|Fearless Leader and Capt Tommy behing the Glash|
The one item that I was extremely grateful for was my LensCoat® RainCoat Pro <http://www.lenscoat.com/lenscoat®-raincoat-p-1506.html>. Besides a constant drizzle, we had periods of a soaking rain and my LensCoat Raincoat kept my camera and lens dry. What I like about the LensCoat Raincoat Pro are first, it needs no dedicated eyepiece, it is easy to put on the camera and lens, the Velcro straps help adjust the size of the cover and helps keep it from flapping in the wind and finally, it has been integrated foldout arm sleeve to access the camera controls. Yes, it costs more than some other types of protection for your camera and lens including plastic bags, but the advantages that I listed above make it worthwhile. The LensCoat Raincoat comes in 2 sizes, depending on the size of the lens that you want attach to. I do have both sizes and have found that has been a worthwhile investment.
Whooping Cranes are in endangered species and have a population around 500 birds at the present time. In 1941, there were only 16 living birds and thanks to management efforts involving numerous United States and Canadian government agencies, nonprofit organizations, volunteers and others, the Whooping Cranes are slowly making a comeback. Whooping Cranes are the tallest North American bird and with the sandhill cranes are the only 2 cranes that are regular inhabitants of North America. The population in Texas are migratory and there is a small nonmigratory population in Florida. The cranes feed in shallow water or and feels and love blue crabs, but will eat plant and other small animals.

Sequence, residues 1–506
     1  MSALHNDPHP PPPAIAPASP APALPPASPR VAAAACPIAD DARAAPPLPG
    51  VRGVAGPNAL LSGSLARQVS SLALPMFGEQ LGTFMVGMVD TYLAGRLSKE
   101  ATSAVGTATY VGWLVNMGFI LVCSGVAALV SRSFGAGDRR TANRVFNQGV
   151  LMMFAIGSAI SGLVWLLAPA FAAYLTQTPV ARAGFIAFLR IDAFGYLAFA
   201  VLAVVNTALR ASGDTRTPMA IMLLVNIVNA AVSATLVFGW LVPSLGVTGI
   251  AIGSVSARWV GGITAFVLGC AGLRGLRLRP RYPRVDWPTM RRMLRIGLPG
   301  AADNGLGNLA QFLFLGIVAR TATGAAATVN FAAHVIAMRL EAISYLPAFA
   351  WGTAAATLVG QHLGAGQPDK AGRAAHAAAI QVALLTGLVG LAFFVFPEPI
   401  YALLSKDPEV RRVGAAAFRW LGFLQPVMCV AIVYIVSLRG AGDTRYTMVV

|Dolphin - then left our wake and since I had just gotten my smaller lens< I missed out on getting photos of it jumping|
|White Ibis - at a distance the black wing tips and look like a crane's wing tips|
|Great Blue Heron|